A political think-tank has called on the government to drop its planned £3.5bn rollout of superfast broadband to the rest of UK.
In a report entitled Changing the Channel, A Case for Radical Reform of Public Service Broadcasting in the UK. Policy Exchange said, "The need to build a high-speed internet infrastructure for the whole of the UK is not yet proven."
However, the report went on to state that if the requirement for such a network was proven then it would be better to be funded through general taxation and organised through broadband hubs.
The hubs would be part of a Public Access Division (PAD) designed to provide broadband access for communities in remote areas from locations such as libraries or post offices, and would be significantly cheaper to install, said the report.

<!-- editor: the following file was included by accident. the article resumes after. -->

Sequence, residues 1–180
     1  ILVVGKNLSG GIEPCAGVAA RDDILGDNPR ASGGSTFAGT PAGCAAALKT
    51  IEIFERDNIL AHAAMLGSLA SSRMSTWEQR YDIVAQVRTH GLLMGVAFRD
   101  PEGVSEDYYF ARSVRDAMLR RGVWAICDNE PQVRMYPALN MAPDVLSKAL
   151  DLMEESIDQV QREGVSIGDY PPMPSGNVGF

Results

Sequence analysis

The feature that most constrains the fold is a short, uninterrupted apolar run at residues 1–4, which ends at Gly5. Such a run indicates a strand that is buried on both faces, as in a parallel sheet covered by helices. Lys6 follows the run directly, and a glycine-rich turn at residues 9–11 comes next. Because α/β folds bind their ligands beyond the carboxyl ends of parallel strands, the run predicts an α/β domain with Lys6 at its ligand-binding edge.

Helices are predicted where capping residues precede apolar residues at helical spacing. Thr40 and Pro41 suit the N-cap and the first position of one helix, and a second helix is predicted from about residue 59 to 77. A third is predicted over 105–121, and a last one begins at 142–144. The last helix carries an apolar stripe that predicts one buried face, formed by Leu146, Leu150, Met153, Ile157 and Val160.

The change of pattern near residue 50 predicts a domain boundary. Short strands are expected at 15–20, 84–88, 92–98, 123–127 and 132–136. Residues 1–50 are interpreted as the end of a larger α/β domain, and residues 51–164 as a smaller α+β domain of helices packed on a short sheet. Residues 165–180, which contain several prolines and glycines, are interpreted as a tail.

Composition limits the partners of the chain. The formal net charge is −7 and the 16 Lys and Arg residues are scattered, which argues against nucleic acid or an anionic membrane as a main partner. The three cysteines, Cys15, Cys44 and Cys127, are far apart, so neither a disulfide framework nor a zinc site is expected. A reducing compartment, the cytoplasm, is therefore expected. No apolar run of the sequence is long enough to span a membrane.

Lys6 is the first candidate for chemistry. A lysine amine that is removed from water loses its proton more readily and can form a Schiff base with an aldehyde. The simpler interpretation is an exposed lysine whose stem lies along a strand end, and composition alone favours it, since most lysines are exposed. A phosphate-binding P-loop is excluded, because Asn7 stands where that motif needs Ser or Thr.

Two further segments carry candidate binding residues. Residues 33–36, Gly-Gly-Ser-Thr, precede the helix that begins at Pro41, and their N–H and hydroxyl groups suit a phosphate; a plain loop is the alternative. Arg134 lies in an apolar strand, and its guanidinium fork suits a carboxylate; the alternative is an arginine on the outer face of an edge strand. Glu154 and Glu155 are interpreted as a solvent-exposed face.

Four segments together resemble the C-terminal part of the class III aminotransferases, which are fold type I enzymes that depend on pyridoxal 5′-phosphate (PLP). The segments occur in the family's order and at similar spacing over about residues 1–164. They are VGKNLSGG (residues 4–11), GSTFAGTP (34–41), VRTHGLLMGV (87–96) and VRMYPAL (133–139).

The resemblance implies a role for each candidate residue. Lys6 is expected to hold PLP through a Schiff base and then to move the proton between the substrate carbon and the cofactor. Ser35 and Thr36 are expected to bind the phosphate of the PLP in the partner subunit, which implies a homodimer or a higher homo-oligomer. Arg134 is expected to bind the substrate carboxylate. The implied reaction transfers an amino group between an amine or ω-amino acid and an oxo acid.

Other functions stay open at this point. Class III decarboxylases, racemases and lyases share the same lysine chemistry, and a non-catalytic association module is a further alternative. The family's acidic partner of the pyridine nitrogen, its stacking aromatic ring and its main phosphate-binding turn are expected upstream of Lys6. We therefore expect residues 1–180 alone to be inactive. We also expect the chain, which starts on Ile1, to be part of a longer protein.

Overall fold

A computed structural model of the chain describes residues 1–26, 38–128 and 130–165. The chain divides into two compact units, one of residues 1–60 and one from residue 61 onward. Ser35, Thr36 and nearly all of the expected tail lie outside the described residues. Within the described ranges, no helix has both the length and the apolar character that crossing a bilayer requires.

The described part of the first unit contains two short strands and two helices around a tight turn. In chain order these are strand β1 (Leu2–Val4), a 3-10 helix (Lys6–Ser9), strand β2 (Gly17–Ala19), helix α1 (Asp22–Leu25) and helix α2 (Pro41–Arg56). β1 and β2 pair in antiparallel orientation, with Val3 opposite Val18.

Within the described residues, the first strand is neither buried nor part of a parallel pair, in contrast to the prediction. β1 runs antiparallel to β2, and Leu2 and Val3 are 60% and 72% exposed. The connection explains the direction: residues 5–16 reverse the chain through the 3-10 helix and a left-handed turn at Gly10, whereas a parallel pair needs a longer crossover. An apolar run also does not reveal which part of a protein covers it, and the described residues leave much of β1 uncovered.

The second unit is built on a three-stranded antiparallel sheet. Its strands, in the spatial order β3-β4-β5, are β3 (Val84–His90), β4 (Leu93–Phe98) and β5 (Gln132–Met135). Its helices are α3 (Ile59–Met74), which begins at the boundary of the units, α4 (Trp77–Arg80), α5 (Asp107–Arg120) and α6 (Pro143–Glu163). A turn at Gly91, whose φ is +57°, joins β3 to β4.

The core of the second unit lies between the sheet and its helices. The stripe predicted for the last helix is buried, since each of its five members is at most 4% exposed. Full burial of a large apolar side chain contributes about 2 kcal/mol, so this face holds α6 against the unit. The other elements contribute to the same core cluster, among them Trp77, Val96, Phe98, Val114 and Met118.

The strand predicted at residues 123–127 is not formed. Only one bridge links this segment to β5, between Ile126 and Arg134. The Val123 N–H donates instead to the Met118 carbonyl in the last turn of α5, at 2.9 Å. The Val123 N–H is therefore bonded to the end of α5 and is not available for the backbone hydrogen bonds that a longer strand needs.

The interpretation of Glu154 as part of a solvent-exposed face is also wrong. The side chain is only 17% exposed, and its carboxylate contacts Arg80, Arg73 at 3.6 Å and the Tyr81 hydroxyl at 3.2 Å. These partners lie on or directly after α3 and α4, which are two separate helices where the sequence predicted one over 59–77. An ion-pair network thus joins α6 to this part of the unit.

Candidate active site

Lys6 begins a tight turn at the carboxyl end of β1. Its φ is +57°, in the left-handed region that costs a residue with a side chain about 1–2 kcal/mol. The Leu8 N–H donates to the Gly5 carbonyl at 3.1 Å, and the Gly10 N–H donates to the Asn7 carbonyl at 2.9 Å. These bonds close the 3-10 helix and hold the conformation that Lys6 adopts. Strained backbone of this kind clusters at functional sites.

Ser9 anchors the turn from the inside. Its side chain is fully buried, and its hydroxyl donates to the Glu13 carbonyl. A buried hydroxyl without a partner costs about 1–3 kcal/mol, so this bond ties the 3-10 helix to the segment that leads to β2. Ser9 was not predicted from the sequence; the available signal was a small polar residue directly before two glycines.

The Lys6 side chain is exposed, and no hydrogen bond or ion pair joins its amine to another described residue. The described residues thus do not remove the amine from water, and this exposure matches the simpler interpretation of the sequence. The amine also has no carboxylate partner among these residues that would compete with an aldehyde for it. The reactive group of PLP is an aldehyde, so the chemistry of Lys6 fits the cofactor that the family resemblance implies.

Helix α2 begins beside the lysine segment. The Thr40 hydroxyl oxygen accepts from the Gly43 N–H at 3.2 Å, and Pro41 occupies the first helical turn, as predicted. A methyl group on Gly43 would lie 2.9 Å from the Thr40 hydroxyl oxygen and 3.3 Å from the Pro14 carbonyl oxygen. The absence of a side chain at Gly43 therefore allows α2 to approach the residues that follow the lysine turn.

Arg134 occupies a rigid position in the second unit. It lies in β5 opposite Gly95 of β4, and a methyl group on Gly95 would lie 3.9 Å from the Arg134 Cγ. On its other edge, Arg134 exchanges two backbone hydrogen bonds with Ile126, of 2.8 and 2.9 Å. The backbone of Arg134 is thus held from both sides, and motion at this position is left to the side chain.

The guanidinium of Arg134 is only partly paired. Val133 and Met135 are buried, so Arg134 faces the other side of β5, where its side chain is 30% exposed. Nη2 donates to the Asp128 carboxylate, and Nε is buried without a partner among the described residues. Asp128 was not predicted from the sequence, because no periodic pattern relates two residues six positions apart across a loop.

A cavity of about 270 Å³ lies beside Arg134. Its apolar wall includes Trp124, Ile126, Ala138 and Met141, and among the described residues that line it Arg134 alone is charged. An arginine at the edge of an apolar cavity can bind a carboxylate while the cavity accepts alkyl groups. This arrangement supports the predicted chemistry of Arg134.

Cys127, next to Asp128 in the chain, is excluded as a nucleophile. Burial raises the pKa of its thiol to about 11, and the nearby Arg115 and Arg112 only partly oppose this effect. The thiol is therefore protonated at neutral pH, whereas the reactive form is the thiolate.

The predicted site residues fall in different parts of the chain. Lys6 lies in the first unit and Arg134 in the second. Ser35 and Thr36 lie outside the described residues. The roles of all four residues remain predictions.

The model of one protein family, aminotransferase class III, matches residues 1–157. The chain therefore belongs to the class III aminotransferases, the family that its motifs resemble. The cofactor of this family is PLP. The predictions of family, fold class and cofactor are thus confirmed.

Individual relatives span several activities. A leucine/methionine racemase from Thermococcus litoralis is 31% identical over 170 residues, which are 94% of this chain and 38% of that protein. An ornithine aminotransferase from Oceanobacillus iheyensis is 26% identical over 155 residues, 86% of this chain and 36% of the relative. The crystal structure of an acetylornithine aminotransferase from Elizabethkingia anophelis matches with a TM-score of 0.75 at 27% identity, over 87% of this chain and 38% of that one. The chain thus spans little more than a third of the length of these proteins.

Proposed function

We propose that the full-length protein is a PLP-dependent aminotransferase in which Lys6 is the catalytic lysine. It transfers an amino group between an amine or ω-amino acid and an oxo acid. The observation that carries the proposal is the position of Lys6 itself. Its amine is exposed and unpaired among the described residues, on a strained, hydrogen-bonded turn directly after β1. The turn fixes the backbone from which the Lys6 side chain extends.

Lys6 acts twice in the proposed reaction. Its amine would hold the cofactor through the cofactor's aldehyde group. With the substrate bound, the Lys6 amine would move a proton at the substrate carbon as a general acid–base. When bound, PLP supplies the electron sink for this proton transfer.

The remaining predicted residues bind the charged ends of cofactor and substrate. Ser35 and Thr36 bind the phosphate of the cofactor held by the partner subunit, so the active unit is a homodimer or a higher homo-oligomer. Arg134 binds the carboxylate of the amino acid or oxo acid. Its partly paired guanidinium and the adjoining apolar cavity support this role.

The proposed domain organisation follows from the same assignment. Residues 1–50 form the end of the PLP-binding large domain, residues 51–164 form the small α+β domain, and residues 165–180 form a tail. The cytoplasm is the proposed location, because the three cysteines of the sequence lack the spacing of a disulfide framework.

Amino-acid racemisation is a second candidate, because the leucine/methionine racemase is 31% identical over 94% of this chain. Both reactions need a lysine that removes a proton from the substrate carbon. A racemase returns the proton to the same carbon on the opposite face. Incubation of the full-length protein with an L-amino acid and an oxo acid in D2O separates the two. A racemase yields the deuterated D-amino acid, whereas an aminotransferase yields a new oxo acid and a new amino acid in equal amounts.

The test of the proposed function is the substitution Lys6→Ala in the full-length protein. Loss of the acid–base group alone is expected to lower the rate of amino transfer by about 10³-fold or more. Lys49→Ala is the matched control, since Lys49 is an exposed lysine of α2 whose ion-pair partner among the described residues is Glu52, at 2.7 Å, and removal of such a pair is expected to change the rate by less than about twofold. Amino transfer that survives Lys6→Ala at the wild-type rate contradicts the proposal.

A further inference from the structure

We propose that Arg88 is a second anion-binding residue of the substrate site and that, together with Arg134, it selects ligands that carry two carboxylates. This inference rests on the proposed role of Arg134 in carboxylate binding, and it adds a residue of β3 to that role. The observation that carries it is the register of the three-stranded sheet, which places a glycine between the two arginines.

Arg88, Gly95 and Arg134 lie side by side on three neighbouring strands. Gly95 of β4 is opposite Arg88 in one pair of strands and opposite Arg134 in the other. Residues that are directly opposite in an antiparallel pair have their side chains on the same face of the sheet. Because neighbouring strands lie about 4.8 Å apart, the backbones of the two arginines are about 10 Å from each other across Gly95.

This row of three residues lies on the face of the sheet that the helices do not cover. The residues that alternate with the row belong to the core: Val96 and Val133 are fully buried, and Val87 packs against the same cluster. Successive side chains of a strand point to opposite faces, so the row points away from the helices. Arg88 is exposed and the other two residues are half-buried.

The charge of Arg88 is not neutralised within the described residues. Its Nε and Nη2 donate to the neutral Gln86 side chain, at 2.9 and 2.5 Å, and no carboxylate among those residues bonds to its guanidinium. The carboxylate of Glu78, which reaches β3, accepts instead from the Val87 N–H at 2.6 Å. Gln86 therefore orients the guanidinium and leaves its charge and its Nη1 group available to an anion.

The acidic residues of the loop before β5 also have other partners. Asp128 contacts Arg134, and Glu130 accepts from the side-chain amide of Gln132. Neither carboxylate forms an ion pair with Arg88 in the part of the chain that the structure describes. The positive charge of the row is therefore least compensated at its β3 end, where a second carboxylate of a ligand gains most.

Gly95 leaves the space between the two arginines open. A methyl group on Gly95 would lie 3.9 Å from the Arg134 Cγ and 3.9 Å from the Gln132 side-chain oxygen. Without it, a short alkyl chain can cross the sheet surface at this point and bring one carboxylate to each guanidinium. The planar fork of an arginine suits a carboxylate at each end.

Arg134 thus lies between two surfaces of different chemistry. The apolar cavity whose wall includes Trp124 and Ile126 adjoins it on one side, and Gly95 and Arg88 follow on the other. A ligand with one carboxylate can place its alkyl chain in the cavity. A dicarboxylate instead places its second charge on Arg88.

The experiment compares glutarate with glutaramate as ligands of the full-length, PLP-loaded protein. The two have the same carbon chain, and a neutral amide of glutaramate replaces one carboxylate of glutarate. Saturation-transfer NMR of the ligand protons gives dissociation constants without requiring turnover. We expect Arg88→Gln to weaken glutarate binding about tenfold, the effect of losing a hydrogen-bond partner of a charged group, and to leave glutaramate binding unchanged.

"The cost of this initiative would be likely to be less than £300m rather than the £3.5bn associated with going from 60 to 90 per cent 50Mbit/s for household accessibility," it said.
The report also expressed concern that a universal service commitment could do more harm than good for businesses and individuals.
"Universal broadband would compound the risks UK content providers face of fragmented audiences, piracy and of content value being eroded by powerful aggregators like Google, Amazon and Apple," it said.
The government has come under increasing fire for various parts of its controversial Digital Economy Bill, particularly a proposed Landline Duty which it hopes will fund broadband access in poorly served areas.
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